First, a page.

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Dining venue facilitates living and learning environment at Vanderbilt

Dining venue facilitates living and learning environment at Vanderbilt

Over 650 upperclass students living in the school’s College Halls at Kissam community share two meals a day at the Market and Kitchen dining center.

Two years ago, Vanderbilt University debuted Kissam College Halls, the second phase of its College Halls residential college initiative, designed to emulate the British Oxford-Cambridge model of a communal education environment in which faculty members live with students and facilitate the learning process. Kissam consists of Warren College and Moore College, each housing 330 sophomores, juniors and seniors led by faculty directors in residence.

The two colleges are connected by a shared facility that includes a gathering space, a classroom, offices, meeting rooms and a dining facility called the Market and Kitchen, which combines a freshly prepared meal servery (the Kitchen) with a 24-hour retail venue (the Market). (Go here for a photo tour of the Kissam Kitchen and Market.)

Students dine together at breakfast and dinner at the Kitchen where in-house faculty also regularly hold house dinners and staff and residents hold special events, all intended to facilitate the idea of a community.

Students living at Kissam are required to participate in the Kissam Meal Plan, which includes a minimum of eight meals a week but is upgradable to 14 or even 19. It is a sign of Kissam’s success in fostering participation that 40 percent of Kissam students have chosen to upgrade their plans so far. As a comparison, in its final year, the food venue previously in the space now occupied by the Kitchen and Market saw 53,982 meal plan transactions while in its first year, Kissam Market transacted 174,041.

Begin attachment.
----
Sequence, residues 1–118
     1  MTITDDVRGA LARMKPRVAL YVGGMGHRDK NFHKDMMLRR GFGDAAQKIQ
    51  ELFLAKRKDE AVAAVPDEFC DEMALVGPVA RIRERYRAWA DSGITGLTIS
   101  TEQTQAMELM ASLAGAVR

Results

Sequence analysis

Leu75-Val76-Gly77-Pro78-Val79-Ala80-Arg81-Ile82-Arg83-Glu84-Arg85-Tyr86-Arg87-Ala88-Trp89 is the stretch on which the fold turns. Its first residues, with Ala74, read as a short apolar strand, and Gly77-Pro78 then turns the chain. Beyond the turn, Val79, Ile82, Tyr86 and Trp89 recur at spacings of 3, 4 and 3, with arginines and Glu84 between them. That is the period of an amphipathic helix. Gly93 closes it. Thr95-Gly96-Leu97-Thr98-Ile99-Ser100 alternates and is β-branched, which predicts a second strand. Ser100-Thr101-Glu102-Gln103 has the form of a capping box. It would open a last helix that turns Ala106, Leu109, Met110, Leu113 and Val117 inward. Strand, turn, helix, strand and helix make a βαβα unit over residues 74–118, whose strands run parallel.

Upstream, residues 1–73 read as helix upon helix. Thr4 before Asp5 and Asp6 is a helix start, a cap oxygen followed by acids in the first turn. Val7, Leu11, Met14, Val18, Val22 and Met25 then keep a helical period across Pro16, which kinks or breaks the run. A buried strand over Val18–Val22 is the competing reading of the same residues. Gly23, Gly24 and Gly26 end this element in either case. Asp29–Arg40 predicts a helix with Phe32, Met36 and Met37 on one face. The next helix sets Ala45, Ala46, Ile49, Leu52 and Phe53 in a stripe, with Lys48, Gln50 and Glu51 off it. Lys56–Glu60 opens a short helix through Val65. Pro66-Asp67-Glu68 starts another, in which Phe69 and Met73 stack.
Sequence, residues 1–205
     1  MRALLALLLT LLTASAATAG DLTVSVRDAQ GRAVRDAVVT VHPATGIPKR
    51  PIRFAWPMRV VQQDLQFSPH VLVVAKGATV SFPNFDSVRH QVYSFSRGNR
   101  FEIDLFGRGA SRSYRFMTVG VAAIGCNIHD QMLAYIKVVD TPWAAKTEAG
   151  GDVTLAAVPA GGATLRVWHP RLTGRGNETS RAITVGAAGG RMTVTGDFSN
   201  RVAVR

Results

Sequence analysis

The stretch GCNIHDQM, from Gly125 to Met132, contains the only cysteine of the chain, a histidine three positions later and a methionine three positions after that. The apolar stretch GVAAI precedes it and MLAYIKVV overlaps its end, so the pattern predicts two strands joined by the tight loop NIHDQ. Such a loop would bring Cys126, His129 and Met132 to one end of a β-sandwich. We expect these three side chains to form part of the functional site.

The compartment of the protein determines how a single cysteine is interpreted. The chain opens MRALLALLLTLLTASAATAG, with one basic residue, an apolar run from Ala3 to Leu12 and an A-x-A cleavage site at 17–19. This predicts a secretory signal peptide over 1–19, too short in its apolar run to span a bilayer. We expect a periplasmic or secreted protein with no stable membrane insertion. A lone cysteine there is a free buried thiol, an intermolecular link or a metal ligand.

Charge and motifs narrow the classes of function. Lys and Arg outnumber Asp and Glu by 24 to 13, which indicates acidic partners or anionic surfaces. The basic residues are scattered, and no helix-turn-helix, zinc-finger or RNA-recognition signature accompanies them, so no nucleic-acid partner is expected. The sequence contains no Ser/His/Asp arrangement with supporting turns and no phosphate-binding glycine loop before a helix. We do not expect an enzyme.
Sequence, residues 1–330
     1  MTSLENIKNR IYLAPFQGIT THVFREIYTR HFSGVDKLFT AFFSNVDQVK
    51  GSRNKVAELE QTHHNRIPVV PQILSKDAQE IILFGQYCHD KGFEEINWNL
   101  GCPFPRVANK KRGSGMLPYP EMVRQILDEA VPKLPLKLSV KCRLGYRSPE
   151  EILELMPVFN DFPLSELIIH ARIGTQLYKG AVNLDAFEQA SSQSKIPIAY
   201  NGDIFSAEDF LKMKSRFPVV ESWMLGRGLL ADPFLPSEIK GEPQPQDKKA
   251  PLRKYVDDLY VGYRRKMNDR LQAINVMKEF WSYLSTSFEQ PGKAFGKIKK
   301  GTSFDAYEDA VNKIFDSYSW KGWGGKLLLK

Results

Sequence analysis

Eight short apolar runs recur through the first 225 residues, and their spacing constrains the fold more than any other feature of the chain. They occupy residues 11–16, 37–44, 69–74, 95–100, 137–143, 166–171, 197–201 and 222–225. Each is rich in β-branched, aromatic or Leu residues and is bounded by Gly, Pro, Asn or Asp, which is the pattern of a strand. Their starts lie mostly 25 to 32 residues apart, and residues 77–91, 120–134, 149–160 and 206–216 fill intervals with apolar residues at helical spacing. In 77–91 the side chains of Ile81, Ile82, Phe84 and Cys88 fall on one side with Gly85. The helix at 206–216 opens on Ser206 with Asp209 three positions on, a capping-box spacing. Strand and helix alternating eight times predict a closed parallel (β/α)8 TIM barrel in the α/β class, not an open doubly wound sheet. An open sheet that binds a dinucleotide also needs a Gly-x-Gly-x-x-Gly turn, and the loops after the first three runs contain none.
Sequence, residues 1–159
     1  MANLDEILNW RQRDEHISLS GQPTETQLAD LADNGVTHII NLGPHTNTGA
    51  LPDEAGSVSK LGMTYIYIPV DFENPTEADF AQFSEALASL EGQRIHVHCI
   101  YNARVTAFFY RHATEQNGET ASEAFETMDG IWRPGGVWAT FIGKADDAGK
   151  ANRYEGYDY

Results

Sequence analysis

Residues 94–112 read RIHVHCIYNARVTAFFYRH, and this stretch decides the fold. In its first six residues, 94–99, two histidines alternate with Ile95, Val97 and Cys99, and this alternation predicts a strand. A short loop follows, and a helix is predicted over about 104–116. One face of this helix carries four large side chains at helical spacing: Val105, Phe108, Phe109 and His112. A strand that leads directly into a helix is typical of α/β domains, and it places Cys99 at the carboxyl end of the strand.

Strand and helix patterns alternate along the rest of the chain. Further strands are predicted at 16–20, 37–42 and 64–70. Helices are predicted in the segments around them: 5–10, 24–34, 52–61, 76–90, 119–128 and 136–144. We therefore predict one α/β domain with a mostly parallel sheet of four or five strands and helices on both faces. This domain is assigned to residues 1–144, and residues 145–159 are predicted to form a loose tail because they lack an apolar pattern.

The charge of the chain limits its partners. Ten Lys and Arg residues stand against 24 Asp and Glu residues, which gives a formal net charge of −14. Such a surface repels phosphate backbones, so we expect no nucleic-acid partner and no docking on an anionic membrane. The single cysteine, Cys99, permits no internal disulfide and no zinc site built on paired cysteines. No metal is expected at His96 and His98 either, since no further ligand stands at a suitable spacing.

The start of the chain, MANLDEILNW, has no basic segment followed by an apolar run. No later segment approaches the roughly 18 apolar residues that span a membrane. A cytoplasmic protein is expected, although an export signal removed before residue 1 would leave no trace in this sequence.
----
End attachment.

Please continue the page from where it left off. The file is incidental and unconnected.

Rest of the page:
Together, Kissam Market and Kitchen are designed to provide what every college student wants and needs in an onsite foodservice, including a 24-hour market; a chef-attended and -created menu of entrees, sides, grab and go, fresh produce and local items—and all of it mere steps from their rooms.

Students may choose from quick-service items at breakfast or get breakfast sandwiches, specials and omelets made-to-order. The dinner rotation consists of a vast variety of cuisines such as French, Cajun, Floribbean, Greek, Indian, Italian, Jamaican, Mediterranean, Mexican, Moroccan, New England, Pacific Rim, barbecue, Tex-Mex, Thai and burgers.

Kissam Market, which is the venue’s c-store component, stocks a variety of coffees, teas, housemade soups of the day, milkshakes, Vanderbilt gear, greeting cards, medicine, toiletries, frozen meals—including halal, vegan, vegetarian and organic—bottled beverages, canned goods, chips, candy, fresh produce, grab-and-go salads, sandwiches and parfaits.

Comfortable seating spaces allow students to gather, but for those who need to take out, biodegradable to-go containers are available.

Warren and Moore Colleges are the latest of Vanderbilt's residential College Halls and were designed to convey the ambience of a small college community while still affording students an education at a world-class research university with a wide variety of academic programs. Once students enter Warren or Moore College in their sophomore year, they can remain in the same college through their senior year.

The $115 million Kissam project was funded entirely through philanthropy and internal resources. Campus dining’s Market and Kitchen project cost was $750,000.

It followed the first phase of Vanderbilt’s College Halls initiative, the Commons, which opened in 2008 and brought together all first-year students in 10 houses, each guided by a faculty head of house, a member of the university faculty and mentor who lives among the students in a faculty apartment.

While Kissam Market and Kitchen serves as the shared facility for students residing in Kissam College Halls, any Vanderbilt student, faculty, staff or visitor may dine or shop there.

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